> are replaced by Confusion and Obfuscation its time to move > Date: Thu, 10
> Jan 2013 18:25:02 -0500
> > From: chris@christopherschultz.net
> > To: users@tomcat.apache.org
> > Subject: Re: Restricting ciphers
> > 
> > -----BEGIN PGP SIGNED MESSAGE-----
> > Hash: SHA256
> > 
> > Martin,
> > 
> > Honestly, I'm not sure why I'm feeding the troll at this point. Maybe 
> > I'm trying to atone for some horrible crime I can't remember.
> > 
> > On 1/10/13 10:05 AM, Martin Gainty wrote:
> > > terminology :
> > 
> > Nobody was arguing about terminology. Next time, just refer to 
> > Wikipedia like everyone else.
> > 
> > > All you don't know is whether those certificate & private key are 
> > > RSA or DSA algorithms
> > 
> > It doesn't matter: you can use RSA (like everyone does) or DSA and 
> > that will only determine the type of key you have. The cipher can (and 
> > will, since SSL/TLS encryption is symmetric and not PK) use a 
> > different algorithm for encryption.
> > 
> > > you see if it's an RSA or DSA key (along with the key size).
> > 
> > Again, key size is only relevant for people who think that bigger is 
> > better. You can create a 16k key and it won't be much more secure than 
> > an 8k key. Stronger crypto, yes, but nobody tries to guess SSL keys:
> > they use compression (e.g. CRIME) and other nasty tricks so they don't 
> > have to do the hard work of key-cracking.
> > 
> > > cipherGroup is categorised by keysize within cipher-groups (usually 
> > > a 4digit number which is a power  of 2 e.g. 1024 and 2048)
> > 
> > Sorry, ciphers and keys are not interchangeable: keys usually have 1k, 
> > 2k, 4k, etc. bits in them while symmetric ciphers usually max out at 
> > 256-bit key sizes. Try running some of the commands you are grabbing 
> > off the web to see what I'm talking about.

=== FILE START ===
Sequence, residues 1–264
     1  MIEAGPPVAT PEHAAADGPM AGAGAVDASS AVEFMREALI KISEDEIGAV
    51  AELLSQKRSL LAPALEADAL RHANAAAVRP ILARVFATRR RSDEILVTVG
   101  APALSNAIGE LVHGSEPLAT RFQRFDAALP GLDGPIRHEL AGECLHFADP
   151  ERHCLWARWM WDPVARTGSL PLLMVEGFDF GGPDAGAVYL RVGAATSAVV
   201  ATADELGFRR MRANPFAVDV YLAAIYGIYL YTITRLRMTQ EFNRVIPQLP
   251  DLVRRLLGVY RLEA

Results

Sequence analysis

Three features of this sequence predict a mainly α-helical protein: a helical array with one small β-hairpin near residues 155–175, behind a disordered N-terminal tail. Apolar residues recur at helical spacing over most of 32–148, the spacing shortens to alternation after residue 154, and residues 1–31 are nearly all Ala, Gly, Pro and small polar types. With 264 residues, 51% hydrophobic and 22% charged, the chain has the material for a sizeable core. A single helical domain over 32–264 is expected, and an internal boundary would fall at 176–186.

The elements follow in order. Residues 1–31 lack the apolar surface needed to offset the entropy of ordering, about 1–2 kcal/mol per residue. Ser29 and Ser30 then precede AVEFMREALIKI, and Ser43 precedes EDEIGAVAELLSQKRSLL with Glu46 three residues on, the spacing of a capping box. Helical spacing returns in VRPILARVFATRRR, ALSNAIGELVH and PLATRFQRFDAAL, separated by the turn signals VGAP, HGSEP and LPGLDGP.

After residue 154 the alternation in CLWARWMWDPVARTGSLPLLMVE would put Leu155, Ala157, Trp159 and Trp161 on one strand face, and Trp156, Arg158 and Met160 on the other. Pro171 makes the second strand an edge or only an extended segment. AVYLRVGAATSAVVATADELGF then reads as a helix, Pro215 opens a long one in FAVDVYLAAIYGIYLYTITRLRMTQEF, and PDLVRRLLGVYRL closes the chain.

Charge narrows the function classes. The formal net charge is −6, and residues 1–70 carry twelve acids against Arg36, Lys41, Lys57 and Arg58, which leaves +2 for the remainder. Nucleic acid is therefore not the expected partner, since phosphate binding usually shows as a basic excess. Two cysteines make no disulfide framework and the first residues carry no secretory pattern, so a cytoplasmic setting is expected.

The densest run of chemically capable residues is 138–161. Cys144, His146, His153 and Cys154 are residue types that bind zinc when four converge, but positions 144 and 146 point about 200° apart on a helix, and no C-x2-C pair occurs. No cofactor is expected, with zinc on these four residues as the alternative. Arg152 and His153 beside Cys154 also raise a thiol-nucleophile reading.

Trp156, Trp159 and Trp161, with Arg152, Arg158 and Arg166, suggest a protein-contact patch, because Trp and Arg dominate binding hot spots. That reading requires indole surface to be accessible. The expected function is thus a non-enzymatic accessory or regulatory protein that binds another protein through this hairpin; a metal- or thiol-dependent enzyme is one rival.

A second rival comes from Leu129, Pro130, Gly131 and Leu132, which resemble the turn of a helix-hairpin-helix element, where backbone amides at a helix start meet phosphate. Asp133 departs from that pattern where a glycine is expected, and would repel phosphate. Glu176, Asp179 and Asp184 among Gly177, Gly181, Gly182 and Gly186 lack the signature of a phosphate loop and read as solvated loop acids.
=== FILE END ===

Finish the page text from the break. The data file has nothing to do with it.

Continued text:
> > 
> > I've never heard the term "cipherGroup".
> > 
> > > ECB, CBC and PCBC are the usual choices for the optional 
> > > ModeOfOperation parameter Determining the ALGO-CIPHER supported by 
> > > your key so we can see that public keys contain a algorithm-cipher 
> > > combination but how to determine the algo-cipher supported by your
> > > key:
> > 
> > Sorry, your key can support (essentially) arbitrary ciphers. Your key 
> > type has no bearing on whether or not ECB, CBC, etc. can be used.
> > 
> > > keytool -list -v -keystore fubar.pfx -storetype PKCS12 Here is
> > > output: Certificate fingerprints: MD5:           SHA1:
> > > Signature algorithm name: SHA1withRSA Providers (SUN, SunJCE, 
> > > SunJSSE,SunRsaSign, IBMJSSE, bcprov-jdkNN-MMM) Lets stick with 
> > > SunJSSE as our provider supported ciphers will be those ciphers 
> > > which match SHA1 with RSA from this list:
> > 
> > Wrong again: the signature algorithm used to fingerprint your own key 
> > has no bearing on the message digests usable for your ciphers.
> > 
> > > so what you are asking Tomcat Connector to do is
> > > 
> > > 1)export contents of supplied keystoreFile key of keystoreType
> > > PKCS12
> > > 
> > > 2)determine Signature algorithm name
> > > 
> > > 3)aggregate cipherSuite by determining Signature specific supported 
> > > ciphers from Signature algorithm name from 
> > > http://docs.oracle.com/javase/1.5.0/docs/guide/security/jsse/JSSERef
> > > Guide.html
> > >
> > >
> > > 
> > 4)reference ciphers attribute from Tomcat <Connector
> > > 
> > > 5)determine SignatureSpecificSupportedCiphers from 3) and implement 
> > > ONLY those ciphers which match exactly to the ciphers listed in 
> > > Tomcat Connector 5)
> > 
> > None of the previous 5 items is accurate.
> > 
> > > (i have not seen this currently implemented)
> > 
> > That's because Tomcat does something else. Actually, JSSE does all the
> > heavy-lifting: Tomcat just configures the TrustStore and a few other 
> > things and then lets JSSE take over. Or OpenSSL if you're using 
> > APR/native.
> > 
> > Now, if you've had enough, kindly stop confusing people.
> > 
> > - -chris
> > -----BEGIN PGP SIGNATURE-----
> > Version: GnuPG/MacGPG2 v2.0.17 (Darwin)
> > Comment: GPGTools - http://gpgtools.org
> > Comment: Using GnuPG with undefined - http://www.enigmail.net/
> > 
> > iEYEAREIAAYFAlDvTc4ACgkQ9CaO5/Lv0PC70gCgqL83yS3LxAqhS+eAFi1StwPU
> > J5kAoMPWqUx/qnoB8gBla4gkRSWbpswO
> > =W6U2
> > -----END PGP SIGNATURE-----
> >